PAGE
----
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Published December 14, 2023
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How To Buy Someone Out Of A House

There are basically three routes you can take, but the first step for all of them is for you both to agree on an independent valuation of the property.

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Going through a separation or divorce can be a highly emotional time, and deciding what to do with your jointly owned property is one of the more unpleasant things you’re likely to have to do. Keeping things civil and having a written agreement already in place would be to everyone’s benefit, but many couples never make such provisions for various reasons.

If that relationship breaks down you basically have three choices, one of which will hopefully be mutually agreeable: you can sell the property and share in the proceeds, your partner can pay you out of your share of the property or you can take over their share of the home loan and continue to pay it off on your own.

Buying someone out of a house is a process not necessarily confined to a partner either. If you have any type of co-ownership agreement including a joint tenancy or tenancy in common with a friend or relative, you may also want to buy them out of their share.

» MORE: How to buy a house in Australia: 12 steps to purchasing property

How do you calculate the cost of buying someone out of a house? 

The first thing you’ll need to do is get an independent valuation that you both agree on and go from there. If, for example, the house is valued at $800,000 and there’s still $450,000 owing on the mortgage, the equity in the property is $350,000. This means that, in a joint ownership arrangement, you owe your partner half of that amount, or $175,000, to buy them out.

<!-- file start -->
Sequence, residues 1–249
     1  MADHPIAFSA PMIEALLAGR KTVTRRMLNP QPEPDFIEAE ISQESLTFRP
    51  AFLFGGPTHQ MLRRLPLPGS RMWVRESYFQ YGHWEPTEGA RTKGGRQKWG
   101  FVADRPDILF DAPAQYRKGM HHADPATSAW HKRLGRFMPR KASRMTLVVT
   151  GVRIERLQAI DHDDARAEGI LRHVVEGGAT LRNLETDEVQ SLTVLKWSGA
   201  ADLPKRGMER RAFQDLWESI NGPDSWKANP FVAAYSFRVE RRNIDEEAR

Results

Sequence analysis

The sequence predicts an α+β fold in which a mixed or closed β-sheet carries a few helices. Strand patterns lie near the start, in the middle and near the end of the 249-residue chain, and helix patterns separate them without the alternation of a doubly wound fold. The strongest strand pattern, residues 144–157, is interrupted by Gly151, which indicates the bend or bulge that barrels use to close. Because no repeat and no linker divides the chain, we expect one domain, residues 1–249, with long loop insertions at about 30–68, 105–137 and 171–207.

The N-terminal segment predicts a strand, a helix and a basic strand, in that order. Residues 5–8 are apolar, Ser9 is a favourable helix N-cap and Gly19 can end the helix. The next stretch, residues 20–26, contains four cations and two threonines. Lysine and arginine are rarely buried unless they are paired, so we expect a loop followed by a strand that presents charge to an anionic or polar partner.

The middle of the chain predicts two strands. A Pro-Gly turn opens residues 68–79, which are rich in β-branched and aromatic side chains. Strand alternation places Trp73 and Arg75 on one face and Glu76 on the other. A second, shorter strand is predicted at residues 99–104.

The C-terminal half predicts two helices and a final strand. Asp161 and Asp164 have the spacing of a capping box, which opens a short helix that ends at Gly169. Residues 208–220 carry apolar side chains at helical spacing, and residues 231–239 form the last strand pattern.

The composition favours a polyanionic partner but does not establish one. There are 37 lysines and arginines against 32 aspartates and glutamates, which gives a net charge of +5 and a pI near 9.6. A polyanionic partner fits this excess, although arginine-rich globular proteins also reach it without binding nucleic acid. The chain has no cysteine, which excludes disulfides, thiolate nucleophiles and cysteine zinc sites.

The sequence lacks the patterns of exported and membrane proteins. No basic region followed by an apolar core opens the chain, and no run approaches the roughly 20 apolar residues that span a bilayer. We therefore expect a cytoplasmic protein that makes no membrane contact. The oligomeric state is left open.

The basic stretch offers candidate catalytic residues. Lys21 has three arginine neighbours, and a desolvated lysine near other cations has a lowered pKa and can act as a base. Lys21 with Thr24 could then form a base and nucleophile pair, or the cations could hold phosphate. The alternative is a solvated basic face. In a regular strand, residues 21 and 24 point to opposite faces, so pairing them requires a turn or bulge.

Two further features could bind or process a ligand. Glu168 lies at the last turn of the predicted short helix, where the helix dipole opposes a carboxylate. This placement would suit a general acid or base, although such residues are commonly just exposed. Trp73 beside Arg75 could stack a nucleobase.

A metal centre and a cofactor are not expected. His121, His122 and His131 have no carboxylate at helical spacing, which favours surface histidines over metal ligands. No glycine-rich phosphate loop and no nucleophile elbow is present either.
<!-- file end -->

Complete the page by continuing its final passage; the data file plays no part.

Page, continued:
If you can agree on a price, that will undoubtedly make the whole process go a lot more smoothly. But if you can’t and the issue ends up in court, there are a number of factors that will come into play, such as: 

  • your individual contributions at the outset including the deposit, stamp duty, legal fees and other fees
  • contributions to the total mortgage repayments
  • contributions to renovations and general home improvements
  • the number of dependent children, if any, and the ongoing costs of raising them
  • contributions to stay-at-home parenting
  • the age and health of each partner
  • the ability of each partner to earn in the future
  • the length of the relationship.

Once all these factors are taken into account, the court may then determine to split the proceeds.

If your ex-partner doesn’t want to sell the house in the negotiation process, you may have to get an order from the Family Court to force the sale as part of your property settlement. Additionally, if there is no equity in the house at the time of separation, you could agree to keep the joint tenancy arrangement going, as there’s nothing in the law that says you have to change the property’s ownership once you separate. 

» MORE: 17 types of home loans for buyers, investors and property owners

How do you buy your partner’s share of the house?

You would think that buying someone out of their share of a property would be a fairly straightforward process, but that is not the case. Buying someone out means taking over their share of the debt, which means refinancing to a new mortgage that is solely in your name, either with your current lender or a new one.